Judge Shwartz, joined by Judge Restrepo, filed a dissenting opinion arguing that “[t]he Majority’s analysis is inconsistent with the Supreme Court’s jurisprudence and has far-reaching consequences.” Notably, this dissent contended that “the founders categorically disarmed  members of [certain] groups because the founders viewed them as disloyal to the sovereign” and that “[t]he felon designation similarly serves as a proxy for disloyalty and disrespect for the sovereign and its laws.” The Shwartz dissent took a fundamentally different view of Range’s offense than the majority opinion, characterizing the offense as “stealing from the government, a crime that directly undermines the sovereign.” Judge Shwartz concluded by arguing that—contrary to the view expressed in the Ambro concurrence—the decision will have broad consequences for all felon disarmament.
Judge Krause also wrote a lengthy dissent in which she emphasized the potentially broad scope of the holding, argued that the majority opinion “tracks precisely the Fifth Circuit’s deeply disturbing opinion in United States v. Rahimi, which, finding no precise historical analogue, struck down as unconstitutional the ban on gun possession by domestic abusers,” and noted that decision unnecessarily creates a circuit split over the felon prohibitor. Judge Krause asserted that the majority applied Bruen far too narrowly and ignored the history of legislative discretion to disarm those who, “based on their status,  were deemed non-law-abiding subjects,” and she argued that the opinion “replaces [a] straightforward test with an opaque inquiry—whether the offender is ‘like Range.’” Judge Krause further highlighted several possible consequences of the decision—including that it “makes the statute’s mens rea impossible to establish” under Rehaif, which will complicate the operation of the federal criminal background check system for gun purchases. Judge Krause contended that these undesirable consequences could have been avoided had the majority issued “a purely prospective declaratory judgment, restoring Range’s gun rights going forward,” rather than ruling directly on the constitutionality of 922(g)(1).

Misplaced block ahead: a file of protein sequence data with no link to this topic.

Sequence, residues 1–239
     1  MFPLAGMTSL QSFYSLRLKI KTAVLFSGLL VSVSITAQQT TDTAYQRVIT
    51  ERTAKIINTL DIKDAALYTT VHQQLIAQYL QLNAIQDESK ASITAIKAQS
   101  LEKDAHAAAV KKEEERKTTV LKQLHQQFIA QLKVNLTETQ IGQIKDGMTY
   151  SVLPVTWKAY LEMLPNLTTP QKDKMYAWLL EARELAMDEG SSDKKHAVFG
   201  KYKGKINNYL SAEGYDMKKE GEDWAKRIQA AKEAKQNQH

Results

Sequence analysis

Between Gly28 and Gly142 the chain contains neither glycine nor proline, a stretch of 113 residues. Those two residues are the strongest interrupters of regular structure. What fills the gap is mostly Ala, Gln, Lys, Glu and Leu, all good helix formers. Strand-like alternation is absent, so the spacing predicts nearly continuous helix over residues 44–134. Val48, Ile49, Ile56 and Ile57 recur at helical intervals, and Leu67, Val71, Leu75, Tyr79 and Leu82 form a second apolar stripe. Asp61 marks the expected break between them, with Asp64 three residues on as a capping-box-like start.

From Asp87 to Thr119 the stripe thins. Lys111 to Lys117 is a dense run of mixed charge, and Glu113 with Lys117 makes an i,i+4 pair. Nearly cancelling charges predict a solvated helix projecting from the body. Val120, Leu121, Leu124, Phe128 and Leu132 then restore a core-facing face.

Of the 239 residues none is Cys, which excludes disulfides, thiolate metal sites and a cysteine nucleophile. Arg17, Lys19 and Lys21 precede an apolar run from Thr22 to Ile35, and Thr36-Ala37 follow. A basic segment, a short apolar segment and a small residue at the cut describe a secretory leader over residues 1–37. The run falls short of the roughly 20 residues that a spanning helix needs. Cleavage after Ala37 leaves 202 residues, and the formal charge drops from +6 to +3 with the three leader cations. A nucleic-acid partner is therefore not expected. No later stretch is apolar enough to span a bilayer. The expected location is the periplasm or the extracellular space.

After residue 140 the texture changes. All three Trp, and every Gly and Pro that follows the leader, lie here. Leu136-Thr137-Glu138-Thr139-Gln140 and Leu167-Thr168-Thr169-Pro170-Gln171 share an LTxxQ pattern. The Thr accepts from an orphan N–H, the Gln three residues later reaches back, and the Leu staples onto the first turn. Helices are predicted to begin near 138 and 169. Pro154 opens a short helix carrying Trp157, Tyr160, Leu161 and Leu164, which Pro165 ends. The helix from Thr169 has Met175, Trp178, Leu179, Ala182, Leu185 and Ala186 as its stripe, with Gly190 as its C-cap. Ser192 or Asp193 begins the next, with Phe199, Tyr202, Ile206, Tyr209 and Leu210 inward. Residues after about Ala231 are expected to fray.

Finally, in a short dissent, Judge Roth explained that she would have found Range protected by the Second Amendment but that, in her view, Range lacked standing to challenge 922(g)(1) because he “failed to set forth the necessary interstate commerce connections to allow federal jurisdiction of his complaint.”
The decision in Range came just four days after the Eighth Circuit—in a published decision in United States v. Jackson—rejected an as-applied challenge to 922(g)(1) by an individual who argued that “his drug offenses were ‘non-violent’ and do not show that he is more dangerous than the typical law-abiding citizen.” The Eighth Circuit panel held that Bruen “did not disturb” Heller’s endorsement of the felon prohibitor as presumptively lawful and “conclude[d] that there is no need for felony-by-felony litigation regarding the constitutionality of § 922(g)(1).” Specifically, Jackson observed that interpreting Heller to create only a rebuttable presumption of constitutionality is “an unlikely reading” because it would “cast doubt on the constitutionality of [the felon ban] in a range of cases despite the Court’s simultaneous statement that ‘nothing in our opinion should be taken to cast doubt’ on [that law].”
Jackson appears to endorse the view adopted by the original panel opinion in Range that “history supports the authority of Congress to prohibit possession of firearms by persons who have demonstrated disrespect for legal norms of society.” However, Jackson also holds that—even if one were to view “dangerousness” or “violence” as the relevant inquiry—“there is no requirement for an individualized determination  as to each person in a class of prohibited persons” and a reasonable legislative judgment that an entire class of individuals (such as convicted felons) is dangerous comports with historical tradition. Interestingly, the Jackson panel observes that this approach might actually be more permissive of gun regulation in some instances than using means-ends scrutiny (the Third Circuit in Binderup, for example, vindicated an as-applied challenge to 922(g)(1) by a non-violent felon when applying intermediate scrutiny pre-Bruen), but found this a natural “product of the method of constitutional interpretation endorsed by Bruen.” On June 13, a separate Eighth Circuit panel rejected another as-applied Second Amendment challenge to 922(g)(1) by a criminal defendant originally convicted of drunk driving because “[t]his contention is foreclosed by United States v. Jackson, where we concluded that there is no need for felony-by-felony determinations regarding the constitutionality of § 922(g)(1) as applied to a particular defendant.”
While Range and Jackson dealt with different disqualifying felony convictions—and Range is almost certainly a more sympathetic challenger than Jackson, who had two recent convictions for selling narcotics—the decisions create a clear circuit split both as to the legal effect of Heller’s carveouts and the proper historical analysis for felon disarmament under Bruen step two. The majority opinion in Range gestured only briefly to Jackson, perhaps due to the short intervening time period, but the Eighth Circuit’s opinion there is more heavily cited in the Range dissents. As was strenuously debated during the Range oral argument, it’s difficult to see how the en banc decision does not set the stage for the type of felony-by-felony adjudication that Jackson specifically rejects. In fact, the en banc majority’s choice not to adopt a “dangerousness” test makes things even more uncertain, as Judge Krause observes in dissent: